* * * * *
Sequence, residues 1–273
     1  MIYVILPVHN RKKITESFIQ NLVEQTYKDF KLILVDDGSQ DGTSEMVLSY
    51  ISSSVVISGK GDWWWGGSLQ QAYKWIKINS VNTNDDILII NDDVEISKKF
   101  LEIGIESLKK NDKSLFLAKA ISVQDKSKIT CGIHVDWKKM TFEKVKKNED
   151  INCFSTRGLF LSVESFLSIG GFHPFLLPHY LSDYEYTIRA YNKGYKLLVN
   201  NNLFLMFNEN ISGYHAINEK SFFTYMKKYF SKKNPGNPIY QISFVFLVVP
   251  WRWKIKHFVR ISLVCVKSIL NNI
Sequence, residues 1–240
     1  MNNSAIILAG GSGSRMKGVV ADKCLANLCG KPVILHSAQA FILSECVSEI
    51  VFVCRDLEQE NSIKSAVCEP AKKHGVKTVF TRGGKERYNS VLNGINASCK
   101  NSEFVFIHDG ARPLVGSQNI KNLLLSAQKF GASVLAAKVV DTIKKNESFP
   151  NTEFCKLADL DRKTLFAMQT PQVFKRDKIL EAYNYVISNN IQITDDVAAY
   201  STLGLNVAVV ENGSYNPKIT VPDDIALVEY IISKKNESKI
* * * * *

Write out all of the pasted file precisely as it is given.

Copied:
Sequence, residues 1–273
     1  MIYVILPVHN RKKITESFIQ NLVEQTYKDF KLILVDDGSQ DGTSEMVLSY
    51  ISSSVVISGK GDWWWGGSLQ QAYKWIKINS VNTNDDILII NDDVEISKKF
   101  LEIGIESLKK NDKSLFLAKA ISVQDKSKIT CGIHVDWKKM TFEKVKKNED
   151  INCFSTRGLF LSVESFLSIG GFHPFLLPHY LSDYEYTIRA YNKGYKLLVN
   201  NNLFLMFNEN ISGYHAINEK SFFTYMKKYF SKKNPGNPIY QISFVFLVVP
   251  WRWKIKHFVR ISLVCVKSIL NNI
Sequence, residues 1–240
     1  MNNSAIILAG GSGSRMKGVV ADKCLANLCG KPVILHSAQA FILSECVSEI
    51  VFVCRDLEQE NSIKSAVCEP AKKHGVKTVF TRGGKERYNS VLNGINASCK
   101  NSEFVFIHDG ARPLVGSQNI KNLLLSAQKF GASVLAAKVV DTIKKNESFP
   151  NTEFCKLADL DRKTLFAMQT PQVFKRDKIL EAYNYVISNN IQITDDVAAY
   201  STLGLNVAVV ENGSYNPKIT VPDDIALVEY IISKKNESKI